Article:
Under the new system, the government would pay nothing up front except your loans. Well, not quite, they’d obviously still spend some money, but not on a per-student basis, and they do that already, so let’s ignore that. If we use £9k a year as the average (which we don’t really know if it will be yet), then the government liability is now 3 x £9k + 3 x £3.5k = £40k, of which potentially £40k is repayable.
    So that same chump on £24k all his life will pay back not £20k, but £8,100 over the 30 years that the new loans are due for. This is less. But of course, the average salary for graduates is not £24k, that’s just the absolute minimum average you need to pay off your loan. The absolute minimum you’d need under the new system to pay off the exact same amount is approximately £28.5k. To pay off the full amount, you’d need an average salary of approximately £36k. This isn’t an unreasonable salary to expect as an average for a graduate, but I acknowledge it’s not low, either. But that’s the beauty of it.

    For every person who earns £36k and thus pays back £40,000 over the 30 years, they’ve effectively subsidized another student from ever having to work, and the government ends up with the same amount of money as now. Thus the key number is £28.5k. If all graduates earnt below this, the government would lose more money than now. If all earnt above this, they’d get more money than now.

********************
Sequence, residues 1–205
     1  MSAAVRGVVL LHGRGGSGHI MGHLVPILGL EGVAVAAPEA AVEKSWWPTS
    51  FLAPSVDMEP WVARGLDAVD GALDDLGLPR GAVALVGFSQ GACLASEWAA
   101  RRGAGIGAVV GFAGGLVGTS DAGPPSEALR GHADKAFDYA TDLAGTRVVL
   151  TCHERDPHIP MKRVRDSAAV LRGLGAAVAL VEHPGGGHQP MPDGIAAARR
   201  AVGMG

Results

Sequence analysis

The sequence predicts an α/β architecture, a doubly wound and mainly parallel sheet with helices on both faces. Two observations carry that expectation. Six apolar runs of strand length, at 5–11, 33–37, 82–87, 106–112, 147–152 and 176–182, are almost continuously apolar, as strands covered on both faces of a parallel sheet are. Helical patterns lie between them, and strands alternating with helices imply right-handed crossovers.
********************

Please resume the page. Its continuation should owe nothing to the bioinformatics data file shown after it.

So what is the average salary of a graduate over the course of their life? Well average earnings over the course of a life for a graduate are put at anything between £250,000 and £1m. Granted, this is based upon people who lived and have no retired in an age where significantly fewer people had degrees and so they earn’t more, but in that case let’s take the lower limit of that margin of £250k (incidentally, the government claims the average over the course of a lifetime is £400k – approx an extra £10k a year on a working life of 40 years. On £250k that’s a “mere” £6,250 extra a year. And the average salary is, according to the Office for National statistics, £26,000 (rising to £31k if you only include full-time workers – quite a nice number!)

    Which puts the average graduate earnings at approximately £34k mean a year. Which is only just shy of paying off the whole £40k, and well over the £20k they’d be limited to paying under the current system.